No jail for woman after fake abuse claims

After a doctor revealed that Makaela Bacon’s injuries were inconsistent with her claims that she was suffocated and unconscious, the 19-year-old doubled.

After breaking up with a man she briefly dated, the Melbourne woman claimed that in addition to trying to strangle her, she pushed her down a flight of stairs.

She claimed she did a somersault and hit her head, but was not injured.

A CT scan of the neck showed a normal result with no apparent injury, while photos of the marks on the neck were inconsistent with bruises from a strangulation attempt.

But he signed a second, more detailed statement describing the apparent attack.

The police have issued a domestic violence intervention order to protect her from the man and their lies have increased.

On Tuesday, the 21-year-old escaped jail and was sentenced to an 18-month court order requiring mental health treatment after admitting five counts of perjury.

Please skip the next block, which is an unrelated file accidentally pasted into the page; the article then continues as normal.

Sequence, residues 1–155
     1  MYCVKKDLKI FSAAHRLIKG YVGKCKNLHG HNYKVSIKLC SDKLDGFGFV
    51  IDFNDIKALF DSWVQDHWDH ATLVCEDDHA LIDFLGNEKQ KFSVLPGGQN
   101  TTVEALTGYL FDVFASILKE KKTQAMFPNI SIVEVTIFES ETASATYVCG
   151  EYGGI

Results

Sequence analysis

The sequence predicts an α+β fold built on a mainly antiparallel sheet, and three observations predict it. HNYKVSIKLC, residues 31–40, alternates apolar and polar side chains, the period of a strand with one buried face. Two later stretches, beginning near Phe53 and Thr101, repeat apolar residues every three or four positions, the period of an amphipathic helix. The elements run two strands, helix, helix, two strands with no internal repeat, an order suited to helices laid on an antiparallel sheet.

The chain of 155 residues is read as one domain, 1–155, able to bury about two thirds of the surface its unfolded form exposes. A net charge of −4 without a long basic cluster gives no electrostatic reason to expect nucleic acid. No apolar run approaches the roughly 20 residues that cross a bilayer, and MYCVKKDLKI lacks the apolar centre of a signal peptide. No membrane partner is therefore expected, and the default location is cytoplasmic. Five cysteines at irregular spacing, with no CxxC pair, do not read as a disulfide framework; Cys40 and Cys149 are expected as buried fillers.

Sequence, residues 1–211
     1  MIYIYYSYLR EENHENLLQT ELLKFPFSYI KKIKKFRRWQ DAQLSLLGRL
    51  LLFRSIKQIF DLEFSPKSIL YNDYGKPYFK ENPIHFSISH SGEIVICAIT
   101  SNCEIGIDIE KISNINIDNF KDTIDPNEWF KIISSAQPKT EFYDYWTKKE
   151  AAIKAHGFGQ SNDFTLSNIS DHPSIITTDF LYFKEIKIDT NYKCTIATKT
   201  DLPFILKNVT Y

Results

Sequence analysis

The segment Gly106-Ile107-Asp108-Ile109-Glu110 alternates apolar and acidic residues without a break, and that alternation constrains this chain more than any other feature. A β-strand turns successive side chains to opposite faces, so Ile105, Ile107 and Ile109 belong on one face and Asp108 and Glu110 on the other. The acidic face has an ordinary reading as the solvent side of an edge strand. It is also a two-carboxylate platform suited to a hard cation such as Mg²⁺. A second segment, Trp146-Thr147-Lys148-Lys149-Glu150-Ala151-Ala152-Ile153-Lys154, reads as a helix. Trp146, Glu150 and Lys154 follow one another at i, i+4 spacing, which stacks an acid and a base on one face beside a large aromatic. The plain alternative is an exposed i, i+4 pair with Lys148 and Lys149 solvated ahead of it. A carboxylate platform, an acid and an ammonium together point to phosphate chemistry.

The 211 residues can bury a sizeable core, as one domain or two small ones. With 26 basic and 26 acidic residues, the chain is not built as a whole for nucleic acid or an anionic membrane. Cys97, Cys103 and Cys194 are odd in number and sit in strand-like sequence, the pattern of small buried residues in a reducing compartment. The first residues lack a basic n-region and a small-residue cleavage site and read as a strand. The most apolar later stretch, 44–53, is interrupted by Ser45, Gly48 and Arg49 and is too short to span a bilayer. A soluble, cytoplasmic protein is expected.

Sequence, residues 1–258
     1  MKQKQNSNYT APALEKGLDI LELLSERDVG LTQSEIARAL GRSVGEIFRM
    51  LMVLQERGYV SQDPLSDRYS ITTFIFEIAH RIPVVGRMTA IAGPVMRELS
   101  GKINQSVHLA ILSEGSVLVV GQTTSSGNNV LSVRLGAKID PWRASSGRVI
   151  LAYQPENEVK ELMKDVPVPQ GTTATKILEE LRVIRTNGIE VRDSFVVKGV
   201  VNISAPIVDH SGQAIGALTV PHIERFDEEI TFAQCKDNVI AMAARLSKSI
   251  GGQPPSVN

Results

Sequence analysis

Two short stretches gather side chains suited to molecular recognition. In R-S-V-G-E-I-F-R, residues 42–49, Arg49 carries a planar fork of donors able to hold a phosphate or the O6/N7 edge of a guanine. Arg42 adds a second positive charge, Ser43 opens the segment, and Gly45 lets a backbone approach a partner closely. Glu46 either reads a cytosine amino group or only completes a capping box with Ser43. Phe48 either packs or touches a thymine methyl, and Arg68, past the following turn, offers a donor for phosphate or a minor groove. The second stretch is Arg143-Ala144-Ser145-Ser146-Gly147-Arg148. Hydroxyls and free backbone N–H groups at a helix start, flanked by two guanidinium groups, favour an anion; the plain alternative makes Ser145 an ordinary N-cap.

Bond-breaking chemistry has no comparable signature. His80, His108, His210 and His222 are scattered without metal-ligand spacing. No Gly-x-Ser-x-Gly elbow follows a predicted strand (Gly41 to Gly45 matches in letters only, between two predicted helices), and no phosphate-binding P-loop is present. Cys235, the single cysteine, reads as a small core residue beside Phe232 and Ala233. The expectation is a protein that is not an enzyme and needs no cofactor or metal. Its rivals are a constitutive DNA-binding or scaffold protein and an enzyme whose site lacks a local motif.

He claims to feel “the worst person in the world” because of his actions.

Bacon went back to the police several times to make statements about the man, saying he violated the intervention order by sending him threatening messages.

One message said “You deserved to die that day”, while another said “I’ll slit your throat and stab you.”

Police arrested the man but began to suspect the messages weren’t real when they found no evidence on his phone.

Bacon’s phone was taken for analysis and the images were found saved in a folder called “fake messages”.

Despite knowing that his phone records had been searched, Bacon continued to double down with further reports to the police.

She told police that the man sent her pictures of his home and a knife with a message saying “Murder weapon. You are not safe”.

Bacon was arrested and admitted the messages were fake.

He claimed the initial allegations were true and he believed that if the police believed he had broken the court order, his case would be taken more seriously.

Bacon has a history of mental illness, including hallucinations and the belief that someone has implanted him with a chip.

Bacon’s victim was never charged with anything, but the investigation must have been stressful and cause for concern for him, County Court Judge Peter Rozen said.

She ordered that she be monitored for 18 months, evaluated and received any recommended mental health treatment and counseling as part of her sentence.

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